Ripping up decals not 'smart' by Boomers

Vince Rugari
Basketball Australia CEO Anthony Moore has denied claims the Boomers sparked tensions pre-match

Basketball Australia CEO Anthony Moore admits it "wasn't the smartest move" by team officials to remove floor decals from the arena that hosted their World Cup qualifier in the Philippines - and the all-in brawl that followed.

The Boomers may have unwittingly riled the hosts by peeling off advertising stickers from the court that players had slipped on the day before the game.

The decision clearly got under the skin of the SBP, the governing body for basketball in the Philippines.

Manny V. Pangilinan, a Filipino businessman and former president of the SBP who sits on FIBA's Central Board, posted footage of the incident on Sunday.

"Aussie team ripping our/Fiba logos on the court of Phil Arena w/o asking permission. We will not back down," he tweeted.

"Those stickers go in. Regardless.

"Not in our House."

Philippines coach Chot Reyes also wasn't happy, saying the stickers were FIBA approved and that the Boomers had acted disrespectfully.

"Besides, we've played in other venues w similar decals," Reyes tweeted.

"Secondly, IF, & that's a big IF, it did indeed make the floor slippery, they had no right to just rip the decals and deface OUR floor.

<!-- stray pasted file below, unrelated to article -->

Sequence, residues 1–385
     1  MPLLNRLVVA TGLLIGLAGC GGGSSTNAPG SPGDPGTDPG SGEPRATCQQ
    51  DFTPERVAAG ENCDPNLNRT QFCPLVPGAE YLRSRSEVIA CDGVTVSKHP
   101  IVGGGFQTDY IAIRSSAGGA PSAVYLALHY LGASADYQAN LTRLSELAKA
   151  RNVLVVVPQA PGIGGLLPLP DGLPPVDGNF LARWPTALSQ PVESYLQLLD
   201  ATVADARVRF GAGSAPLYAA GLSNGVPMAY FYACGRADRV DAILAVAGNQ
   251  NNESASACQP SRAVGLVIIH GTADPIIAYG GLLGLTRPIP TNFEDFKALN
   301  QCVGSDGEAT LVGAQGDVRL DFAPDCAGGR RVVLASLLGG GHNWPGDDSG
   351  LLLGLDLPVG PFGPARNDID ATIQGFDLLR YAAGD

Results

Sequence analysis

"There were SBP/FIBA officials in venue #basicdecency"

Moore revealed on Monday that Basketball Australia made a swift apology said it their actions could not be used as an excuse for player-on-player violence.

"We trained, had numerous players fall and fall heavily and our team management undertook a course of action that we actually apologised for. We ripped the decals up," he said.

"That wasn't the smartest move we made.

"There's no doubt that heightened the issue, but that was more from an administrator, federation-to-federation part as opposed to players."

Moore also denied allegations from Reyes that Daniel Kickert hit four Filipino players in the warm-up, further straining tensions between the two teams.

"We absolutely refute that. It's a conversation we've had with team management," he said.

Meanwhile, Moore - like many observers - was left puzzled by the actions of the Philippines team straight after the fighting stopped.

As FIBA officials took stock and deliberated over whether the game should continue, several Filipino players gathered to take a group selfie.

"I thought it was pretty odd, to be in a position where you've been in a major altercation and then to be seemingly enjoying the moment. I found that very strange," he said.